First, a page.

live4christp1 DIS Veteran

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    Just want you to know you, your mom, and family are in my thoughts & prayers. :hug:

    Cristy
     
  9. Ember

    Ember <font color=blue>I've also crazy glued myself to m

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    Yesterday we FINALLY met with the oncologist at the Cross Cancer Institute. It has been over three months from the time we received the diagnosis. In Canada, there is no other choice but to wait. The oncologist who initially gave her the diagnosis should have done the referral immediately, instead he did nothing and we had to go through our GP. (The referral process normally takes about three weeks, NOT three months.)

    She had a whole series of new tests and very jaundiced. Because of the jaundice she is ineligible for chemo. Had we gotten the referral in a timely manner this option would have been open to us. I am so mad I could quite literally drive my car over that first oncologist. :mad: (I won't. But I sure do enjoy thinking about it.) That said, I know it was nothing we did. We were at the doctors office every week asking questions, there really isn't anything else we could have done.

    So now we are into palliative care. At some point, my mummy will die. And I will have to go on. I don't know how I will do it. :sad1:
     
  10. minniebeth

    minniebeth <font color=green>I count on y'all to keep me up t

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    :hug:I will keep you all in my thoughts~
     
  11. dogodisney

    dogodisney DIS Veteran

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    I am so sorry.:hug: I feel your pain. I lost my mom to cancer 7 years ago.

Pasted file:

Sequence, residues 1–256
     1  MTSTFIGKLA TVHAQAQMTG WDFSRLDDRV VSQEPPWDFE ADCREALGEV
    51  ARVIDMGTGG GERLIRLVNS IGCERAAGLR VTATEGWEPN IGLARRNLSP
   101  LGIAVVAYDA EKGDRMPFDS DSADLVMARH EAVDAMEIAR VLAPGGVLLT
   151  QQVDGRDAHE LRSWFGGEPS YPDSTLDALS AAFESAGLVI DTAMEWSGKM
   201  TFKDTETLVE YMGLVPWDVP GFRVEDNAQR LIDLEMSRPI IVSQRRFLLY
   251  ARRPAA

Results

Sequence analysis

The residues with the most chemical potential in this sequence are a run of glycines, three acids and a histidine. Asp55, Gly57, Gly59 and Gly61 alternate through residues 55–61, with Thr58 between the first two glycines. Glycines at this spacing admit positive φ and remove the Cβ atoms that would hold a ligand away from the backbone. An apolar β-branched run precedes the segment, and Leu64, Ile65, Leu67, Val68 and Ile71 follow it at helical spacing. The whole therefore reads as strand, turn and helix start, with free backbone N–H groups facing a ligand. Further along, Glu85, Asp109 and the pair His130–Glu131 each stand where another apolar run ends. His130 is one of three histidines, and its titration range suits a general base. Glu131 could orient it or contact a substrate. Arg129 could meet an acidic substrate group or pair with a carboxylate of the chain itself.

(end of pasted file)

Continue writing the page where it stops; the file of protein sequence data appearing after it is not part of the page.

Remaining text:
12. CarolynU

    CarolynU <font color=CC0000>Proud Mum twice over<br><font c

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    I have read all of this thread and I am just so sorry. Cancer blights the lives of so many people. When will there ever be a cure? My thoughts are with you and your mum xxx
     
  13. live4christp1

    live4christp1 DIS Veteran

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    :hug: I am so very sorry. I know there isn't anything I can say to make it any better. When we were told it all just felt like a bad dream and I keep hoping that we would get a call saying the diagnosis was wrong it was just this minor thing but deep down I knew it was real. It was just hard to accept. Please know that I will be praying for you and your mom. :hug:
     
  14. sarasotamom

    sarasotamom Mouseketeer

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    I am so sorry. I have had two of the people I care about the most (my husband and daughter) diagnosed with cancer in the past year. Both are in remission now, but there is always the next Pet Scan that can be bad news...My husband's diagnosis took a month..very rare form..I know how frustrating it can be..My family and I pushed the doctors to get moving. I have watched my baby boy ( boys never grow up) and my baby girl fight this dreadful disease with everything they have...I know it is not easy to watch the one's we love the most suffer. I wish I could reach out and give you a great big hug:grouphug:

    The doctor's were not very optimistic with my husband's diagnosis, but I really think God sent us an angel when we met his oncologist. The chemo worked and right now he is cancer free. Is there any way you can get a second opinion? This is why I do not want government health care. Too much red tape to jump through. We pushed hard to get my husband treated. Our surgeon did not want to perform the surgery because he suffered a heart attack, (wanted to wait at least 6 weeks). We said no..(as did his cardiologist, GI, and oncologist). He finally did the surgery 10 days after the heart attack. We pushed the doctors hard. I know how frustrating it can be.

    Cancer is such a dreadful disease. I am so sorry you are going through this. Please know that there are many here that are thinking and praying for you and your mum.:hug:
     
  15. Ember

    Ember <font color=blue>I've also crazy glued myself to m

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    A ray of good news - my mum will be having surgery on Monday to have a stint put in that will help relieve the jaundice. If (and it's a big IF) the liver function is okay she may still be eligible for chemo. I'm not building castles in the sky, I know that chemo may not happen and that this won't magically make anything better - chemo would MAYBE mean a few months... But my mum will be more comfortable when she is not jaundiced and that's great. Plus, her spirits are high, so it's hard not to feel a little happy.